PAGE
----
Still from John Sayles’s The Brother from Another Planet (1984).

COURTESY PHOTOFEST

MONDAY, JULY 17

Screening: The Brother from Another Planet at Museum of Modern Art
The Museum of Modern Art kicks off its expansive summer of sci-fi cinema with this screening of John Sayles’s 1984 film The Brother from Another Planet. Drawing on earlier Afrofuturist films like John Coney’s Space Is the Place (1974), Sayles’s film features a character known only as the Brother who comes to New York from a place far, far away from the center of Manhattan: the uptown world known as Harlem. He travels around the Big Apple and observes various instances of prejudice and racism, and over the course of the film, he doesn’t say much. Sayles will be present at this screening to introduce the film.
Museum of Modern Art, 11 West 53rd Street, 7 p.m. Tickets $8/$10/$12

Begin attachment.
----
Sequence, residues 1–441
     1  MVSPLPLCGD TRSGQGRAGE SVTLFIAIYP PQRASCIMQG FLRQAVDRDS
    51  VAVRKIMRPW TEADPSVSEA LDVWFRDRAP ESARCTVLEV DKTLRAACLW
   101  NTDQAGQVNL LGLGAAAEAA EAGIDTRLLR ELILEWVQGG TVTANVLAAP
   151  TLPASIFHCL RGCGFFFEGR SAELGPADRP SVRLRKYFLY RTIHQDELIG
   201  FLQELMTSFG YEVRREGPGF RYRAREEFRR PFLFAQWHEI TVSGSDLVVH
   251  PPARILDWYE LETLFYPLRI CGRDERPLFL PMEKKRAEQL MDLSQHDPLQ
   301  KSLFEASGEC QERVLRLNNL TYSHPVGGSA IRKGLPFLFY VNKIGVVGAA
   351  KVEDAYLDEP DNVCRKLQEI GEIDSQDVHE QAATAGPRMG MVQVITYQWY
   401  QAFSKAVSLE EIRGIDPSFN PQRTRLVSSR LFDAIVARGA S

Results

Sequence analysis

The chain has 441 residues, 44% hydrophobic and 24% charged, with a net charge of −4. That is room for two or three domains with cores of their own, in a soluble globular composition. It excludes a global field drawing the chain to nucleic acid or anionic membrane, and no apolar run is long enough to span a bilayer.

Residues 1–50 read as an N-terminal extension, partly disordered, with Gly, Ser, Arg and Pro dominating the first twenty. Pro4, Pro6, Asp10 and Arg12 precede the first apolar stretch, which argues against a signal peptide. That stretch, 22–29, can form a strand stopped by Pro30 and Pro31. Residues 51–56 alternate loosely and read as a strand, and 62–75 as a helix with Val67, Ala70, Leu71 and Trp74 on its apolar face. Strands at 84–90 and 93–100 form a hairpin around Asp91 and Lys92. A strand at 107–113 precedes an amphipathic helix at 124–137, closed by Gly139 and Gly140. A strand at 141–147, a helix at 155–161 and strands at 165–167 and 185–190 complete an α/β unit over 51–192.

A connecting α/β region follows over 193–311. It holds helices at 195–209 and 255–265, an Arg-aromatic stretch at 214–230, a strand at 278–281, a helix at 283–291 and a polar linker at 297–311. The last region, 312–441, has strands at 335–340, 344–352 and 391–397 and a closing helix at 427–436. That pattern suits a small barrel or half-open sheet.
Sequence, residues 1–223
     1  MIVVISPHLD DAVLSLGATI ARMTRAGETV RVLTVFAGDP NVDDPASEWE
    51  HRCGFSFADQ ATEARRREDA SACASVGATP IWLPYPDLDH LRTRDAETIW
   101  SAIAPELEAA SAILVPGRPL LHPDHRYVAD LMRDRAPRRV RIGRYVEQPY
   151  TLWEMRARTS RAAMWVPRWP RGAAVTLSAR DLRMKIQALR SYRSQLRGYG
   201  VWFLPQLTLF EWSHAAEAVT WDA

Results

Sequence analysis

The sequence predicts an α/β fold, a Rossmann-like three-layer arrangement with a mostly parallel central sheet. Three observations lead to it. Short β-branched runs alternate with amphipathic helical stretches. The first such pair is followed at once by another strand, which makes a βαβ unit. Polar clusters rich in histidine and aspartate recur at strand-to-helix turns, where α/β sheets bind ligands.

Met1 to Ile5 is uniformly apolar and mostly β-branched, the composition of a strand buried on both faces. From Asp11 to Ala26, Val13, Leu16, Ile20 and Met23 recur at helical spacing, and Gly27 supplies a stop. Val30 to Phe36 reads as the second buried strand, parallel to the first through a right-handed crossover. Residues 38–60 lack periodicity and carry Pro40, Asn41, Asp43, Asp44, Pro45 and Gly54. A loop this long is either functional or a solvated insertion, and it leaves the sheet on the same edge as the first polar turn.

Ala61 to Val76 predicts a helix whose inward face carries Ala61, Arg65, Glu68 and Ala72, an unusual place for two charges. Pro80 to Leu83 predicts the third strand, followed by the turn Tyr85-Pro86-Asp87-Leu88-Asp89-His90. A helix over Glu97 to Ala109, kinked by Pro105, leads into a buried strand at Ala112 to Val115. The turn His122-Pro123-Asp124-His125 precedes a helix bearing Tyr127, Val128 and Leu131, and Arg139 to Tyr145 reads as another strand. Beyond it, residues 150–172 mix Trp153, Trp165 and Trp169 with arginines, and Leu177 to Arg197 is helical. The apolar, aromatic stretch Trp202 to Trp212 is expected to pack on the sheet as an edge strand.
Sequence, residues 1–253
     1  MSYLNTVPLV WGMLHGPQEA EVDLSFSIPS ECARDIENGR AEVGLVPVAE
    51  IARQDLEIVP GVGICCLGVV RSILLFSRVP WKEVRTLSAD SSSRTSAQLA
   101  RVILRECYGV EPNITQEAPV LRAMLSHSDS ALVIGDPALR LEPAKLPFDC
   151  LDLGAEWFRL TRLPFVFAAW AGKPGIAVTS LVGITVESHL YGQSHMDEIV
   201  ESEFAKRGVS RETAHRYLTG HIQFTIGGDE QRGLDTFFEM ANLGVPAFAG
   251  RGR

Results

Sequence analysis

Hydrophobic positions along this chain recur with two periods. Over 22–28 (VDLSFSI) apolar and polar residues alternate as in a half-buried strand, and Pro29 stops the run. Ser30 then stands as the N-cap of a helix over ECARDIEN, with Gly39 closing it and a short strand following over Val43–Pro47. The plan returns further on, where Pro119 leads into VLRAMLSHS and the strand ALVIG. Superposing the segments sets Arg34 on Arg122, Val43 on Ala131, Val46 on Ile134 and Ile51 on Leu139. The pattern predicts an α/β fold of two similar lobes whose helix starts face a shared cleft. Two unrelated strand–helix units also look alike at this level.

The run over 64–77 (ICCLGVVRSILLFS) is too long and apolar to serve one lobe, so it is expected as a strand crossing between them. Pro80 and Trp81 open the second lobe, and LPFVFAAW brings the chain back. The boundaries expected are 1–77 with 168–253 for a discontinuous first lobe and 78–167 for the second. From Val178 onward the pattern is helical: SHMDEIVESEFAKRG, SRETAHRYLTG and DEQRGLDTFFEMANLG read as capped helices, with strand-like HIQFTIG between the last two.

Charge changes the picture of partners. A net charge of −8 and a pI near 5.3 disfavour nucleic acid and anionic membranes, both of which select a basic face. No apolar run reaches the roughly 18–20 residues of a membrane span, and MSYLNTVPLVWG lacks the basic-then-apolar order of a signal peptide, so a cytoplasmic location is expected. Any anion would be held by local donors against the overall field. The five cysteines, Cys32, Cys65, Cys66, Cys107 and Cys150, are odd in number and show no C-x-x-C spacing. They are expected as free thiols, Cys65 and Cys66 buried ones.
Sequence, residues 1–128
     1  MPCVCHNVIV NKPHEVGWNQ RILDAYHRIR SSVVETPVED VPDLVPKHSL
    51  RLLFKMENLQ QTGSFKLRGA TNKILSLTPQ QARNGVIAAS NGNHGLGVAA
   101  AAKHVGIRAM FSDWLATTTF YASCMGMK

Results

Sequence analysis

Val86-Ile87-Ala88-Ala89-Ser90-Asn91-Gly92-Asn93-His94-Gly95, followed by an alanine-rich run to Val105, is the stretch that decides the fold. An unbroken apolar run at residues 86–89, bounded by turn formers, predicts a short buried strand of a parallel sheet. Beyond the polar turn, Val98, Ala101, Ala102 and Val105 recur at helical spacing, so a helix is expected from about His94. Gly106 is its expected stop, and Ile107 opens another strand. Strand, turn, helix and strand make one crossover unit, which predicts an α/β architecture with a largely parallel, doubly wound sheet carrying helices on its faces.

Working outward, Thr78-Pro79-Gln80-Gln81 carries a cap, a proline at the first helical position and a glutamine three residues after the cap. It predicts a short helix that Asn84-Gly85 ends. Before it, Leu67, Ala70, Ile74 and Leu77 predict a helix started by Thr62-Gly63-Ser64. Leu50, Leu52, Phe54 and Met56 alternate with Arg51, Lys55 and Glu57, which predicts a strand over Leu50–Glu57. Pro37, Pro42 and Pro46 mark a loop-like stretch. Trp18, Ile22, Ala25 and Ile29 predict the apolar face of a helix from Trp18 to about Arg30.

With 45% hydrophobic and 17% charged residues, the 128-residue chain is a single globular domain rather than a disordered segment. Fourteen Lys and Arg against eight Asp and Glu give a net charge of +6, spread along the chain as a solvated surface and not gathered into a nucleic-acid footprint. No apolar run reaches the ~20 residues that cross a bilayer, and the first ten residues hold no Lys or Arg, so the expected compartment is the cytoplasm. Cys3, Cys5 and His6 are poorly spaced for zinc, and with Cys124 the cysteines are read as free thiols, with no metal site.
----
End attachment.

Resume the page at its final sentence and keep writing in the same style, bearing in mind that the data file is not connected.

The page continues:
Screening: Ko Nakajima at Microscope Gallery
You might know Japan’s Mt. Fuji from Hokusai’s famed ukiyo-e prints, but you’ve probably never seen the Japanese destination quite the way it appears in Ko Nakajima’s 1984 video Mt. Fuji. The 90-minute video’s premise is simple: Nakajima took various images and photographs of the mountain and manipulated them using video technology until they appear flattened or warped. Couched in a statement about the way that digital culture has changed our relationship to nature, Nakajima’s rarely screened video is part of a trilogy of works rooted in Taoist philosophy. Mio Nakai, a curator of Japanese experimental film from the 1970s, will introduce the screening.
Microscope Gallery, 1329 Willoughby Avenue, #3B, 7:30 p.m. Tickets $6/$8

Still from Lucy Raven’s Subterrestrial Cinema (2017).

COURTESY THE ARTIST

TUESDAY, JULY 18

Lecture: Lucy Raven at Guggenheim Museum
The Guggenheim Museum was long ago known as the Museum of Non-Objective Painting, with a purpose to showcase abstraction in all its many forms. With a new lecture-performance-screening hybrid called Subterrestrial Cinema, Lucy Raven will summon the museum’s early years with a work that intermingles materials from the Guggenheim’s archives and her own abstract animations. The work doubles as an ode to art and film history, and it will include science-fictional elements.
Guggenheim Museum, 1071 5th Avenue, 6:30 p.m. Tickets $5/$10/$15